Enter the Fat Dragon (2020)Reviewed By Jay Seaver
Posted 02/17/20 13:35:09
This colorful, fast-paced bit of kung fu silliness works well enough that I'm not sure why they bothered to put Donnie Yen in a fat suit. It really doesn't affect how he moves or the story at all, and there aren't even that many jokes at the expense of his character's weight. Did someone just have the remake rights to Sammo Hung's film and figure it would add 5% to the take or something?Yen plays "Fallon" Zhu Fulong, a cop whose career has stagnated because his ability to catch the bad guys is cancelled out by the collateral damage he causes, both in terms of damage to Hong Kong in general, within the HKPD, and with fiancée Chloe Song (Niki Chow Lai-Kei). In the aftermath of a bank robbery, he's reassigned to a property room, and not being able to exercise after an injury has his appetite way ahead of his metabolism, so he's packed on a hundred pounds before his old partner Shing Huang (Louis Cheung Kai-Chung) gives him a milk run mission to extradite Japanese porn director Yuji (Hiro Hayama) to Tokyo six months later. Easy, except that Japanese detective Endo (Naoto Takenaka) lets Yuji escape, interpreter Maggie (Jessica Jann) seems like something of an airhead, and the help Shing refers Fallon to is his old partner Thor (Wong Jing), who has been in Japan for ten years trying to stay close to Charisma (Teresa Mo Sun-Kwan) and her nephew Tiger (Lin Qiunan). Oh, and yakuza Shimakura (Joey "Tee" Iwanaga) just happened to see Yuji on the plane to Tokyo, where he was traveling with Chloe, who is big in Japan and has been hired as a spokesperson for one of Shimakura's fronts.
That's potentially a lot going on but also not quite enough as it plays out; for all that producer Wong Jing and his co-writers set up all these threads to follow, they all get picked up and discarded in fairly haphazard fashion. Wong Jing and Teresa Mo are plenty of fun in this movie, for instance, but all the time spent with them could maybe have gone to Fallon actually tracking down Yuji and realizing he's got to do more detective work because the crazy kung fu stuff is harder carrying this weight, giving Chloe something to do while she's in Japan (or, heck, deciding just how good/popular an actress she is, as that seems to change based on what a given scene needs), or the like. This sort of martial-arts comedy has never really needed a terribly coherent plot, but it seems sloppier than usual here, and more like a missed opportunity.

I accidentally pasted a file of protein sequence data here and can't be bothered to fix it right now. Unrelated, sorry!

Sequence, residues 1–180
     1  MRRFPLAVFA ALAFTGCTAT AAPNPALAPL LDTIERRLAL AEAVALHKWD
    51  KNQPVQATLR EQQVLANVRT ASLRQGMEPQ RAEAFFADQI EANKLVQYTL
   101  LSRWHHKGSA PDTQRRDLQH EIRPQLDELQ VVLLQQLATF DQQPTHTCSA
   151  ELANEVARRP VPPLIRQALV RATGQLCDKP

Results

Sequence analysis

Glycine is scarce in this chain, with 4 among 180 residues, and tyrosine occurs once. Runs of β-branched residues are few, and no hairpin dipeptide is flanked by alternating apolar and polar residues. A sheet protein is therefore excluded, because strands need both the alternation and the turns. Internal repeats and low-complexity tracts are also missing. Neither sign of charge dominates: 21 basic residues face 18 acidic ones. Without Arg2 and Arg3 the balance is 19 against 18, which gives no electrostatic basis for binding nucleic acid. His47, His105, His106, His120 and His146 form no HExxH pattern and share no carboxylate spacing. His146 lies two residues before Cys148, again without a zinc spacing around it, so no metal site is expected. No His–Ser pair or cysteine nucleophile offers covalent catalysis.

That's in large part because this is a fun cast that's determined to entertain without just mugging. Yen's Fallon is likably dorky even before he puts on the fat suit, calling a bunch of Yeun Woo-Ping's comic relief roles to mind, and he's got enough chemistry with Niki Chow that them heading toward a reunion doesn't just seem like by-the-numbers writing (as in the many times Jackie Chan's workaholic cops and their girlfriends barely seemed to even like each other). Jessica Jann brings a lot of energy to her scenes as Maggie and Naoto Takenaka does his comic relief well, while Joey Tee does well with both the nastiness and charm needed from the villain.
Plus, he's got the moves to look good in a climactic fight with Yen set in and around Tokyo Tower's rooftop restaurant, which may be the most important thing. Say what you will about the rest of the movie, but the three big action sequences are a lot of fun, with Yen leaping around big, brightly-colored sets and going for a lot more slapstick than his usual, even if director Kenji Tanigaki and the action team are still using the same sort of long takes that show him and his co-stars doing multiple moves before a cut that they do for Yen's less comedically violent movies. As mentioned, the fat suit really doesn't enter into the action - even the moments when a 250-pound Fallon bounds into an action scene don't get more than a half-second's reaction because the size never feels real enough to feel strange - but there's still a cartoon-like energy to how he leaps around.That makes this "Enter the Fat Dragon" a Donnie Yen vehicle with a potentially tacky gimmick that probably could have done more but is still a pretty fun Hong Kong action-comedy. Similar to "Ip Man 4" a month and a half ago, Yen kicking his was from one yakuza to the next can cover for a fair amount of room to improve, and is almost always welcome on the big screen.
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